First lady addresses women’s education

Michelle Obama DNC 06Sept2012

Stephanie Roque/Contributing writer


On our nation’s birthday, Michelle Obama appropriately shifted the meaning of independence from our country to a growing dilemma occurring globally: independence for women, specifically in terms of education.

The first lady took to CNN on Monday, July 4, to talk about research from her widely known initiative, Let Girls Learn: 62 Million Girls. The initiative “seeks to help the more than 62 million girls around the world who are not in school– half of whom are adolescent – go to school and stay in school.”

Whether it’s due to a lack of financial or travel resources, these girls are being denied one of the most basic rights: an education.

In today’s global economy, an education is often seen as an important key to success. Without an education, it is statistically proven the individual will most likely face times of hardship throughout his or her life.

According to CNN, women who receive an education are more likely to “marry later, have lower rates of infant and maternal mortality, and are more likely to immunize their children and less likely to contract malaria and HIV.”  

The first lady’s foundation focuses on girls living in areas where the idea of a woman receiving an education is often dismissed. Social norms and attitudes revolve around the belief that women are not worthy of an education, and are sold into marriage to begin bearing children, when the girls are still considered children themselves.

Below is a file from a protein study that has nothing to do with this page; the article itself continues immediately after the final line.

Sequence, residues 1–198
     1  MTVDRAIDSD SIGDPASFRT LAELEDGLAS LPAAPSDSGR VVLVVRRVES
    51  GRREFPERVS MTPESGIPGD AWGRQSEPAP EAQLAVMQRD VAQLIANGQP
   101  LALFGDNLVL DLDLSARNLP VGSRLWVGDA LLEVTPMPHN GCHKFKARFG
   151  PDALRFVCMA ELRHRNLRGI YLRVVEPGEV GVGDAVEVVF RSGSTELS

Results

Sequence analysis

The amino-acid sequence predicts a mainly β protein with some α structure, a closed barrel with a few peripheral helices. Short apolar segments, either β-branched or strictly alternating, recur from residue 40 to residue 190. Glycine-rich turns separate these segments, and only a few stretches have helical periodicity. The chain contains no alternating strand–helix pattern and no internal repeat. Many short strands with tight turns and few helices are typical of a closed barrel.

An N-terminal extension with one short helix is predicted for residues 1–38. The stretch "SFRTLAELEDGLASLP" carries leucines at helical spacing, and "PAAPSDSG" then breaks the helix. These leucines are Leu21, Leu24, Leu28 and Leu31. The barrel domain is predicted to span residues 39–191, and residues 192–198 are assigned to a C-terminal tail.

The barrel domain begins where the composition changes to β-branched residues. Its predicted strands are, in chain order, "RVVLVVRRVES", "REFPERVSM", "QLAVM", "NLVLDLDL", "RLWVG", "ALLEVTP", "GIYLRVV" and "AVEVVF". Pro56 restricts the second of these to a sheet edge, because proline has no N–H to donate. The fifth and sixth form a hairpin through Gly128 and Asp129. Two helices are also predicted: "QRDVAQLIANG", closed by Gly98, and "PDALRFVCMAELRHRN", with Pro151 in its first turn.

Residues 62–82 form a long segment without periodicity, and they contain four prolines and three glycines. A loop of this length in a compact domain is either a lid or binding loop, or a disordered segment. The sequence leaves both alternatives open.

Obama details how receiving an education can save these girls from a life of very limited opportunity. By receiving an education, these young women are filled with the hope and possibility of a brighter and better future. A future lacking the restraints of close-minded individuals, and one filled with endless opportunities: an independent life.

Obama’s article depicts the life of two young girls living in Morocco and Liberia. Ralphina, who is living in Liberia, lives day to day in a home where the family income is less than two dollars a day, which results in the family being unable to educate their children. With teen pregnancy rates high and the dangerous commute to school, girls are discouraged from attending class.

Despite all this, along with the possibility of sexual harassment and assault at school, young Ralphina still manages to attend class every day after cooking for her family and going to the market in pursue of her lifelong dream of becoming a nurse.

With global efforts to make women’s education a more accessible dream, I support the first lady’s outlook on finding ways to give these girls the chance to pursue their lifelong ambitions.

Being a part of a globally-involved institution such as FIU, I strongly encourage all Panthers to take strides in making the world a better place for not only our fellow sisters, but brothers in terms of making it possible for everyone to achieve success.

To find out more ways to help the cause and on the initiative’s growing success with new efforts being directed to Africa’s education system for women, visit



The opinions presented within this page do not represent the views of FIU Student Media Editorial Board. These views are separate from editorials and reflect individual perspectives of contributing writers and/or members of the University community.


Image by Mike Baird, retrieved from Flickr:

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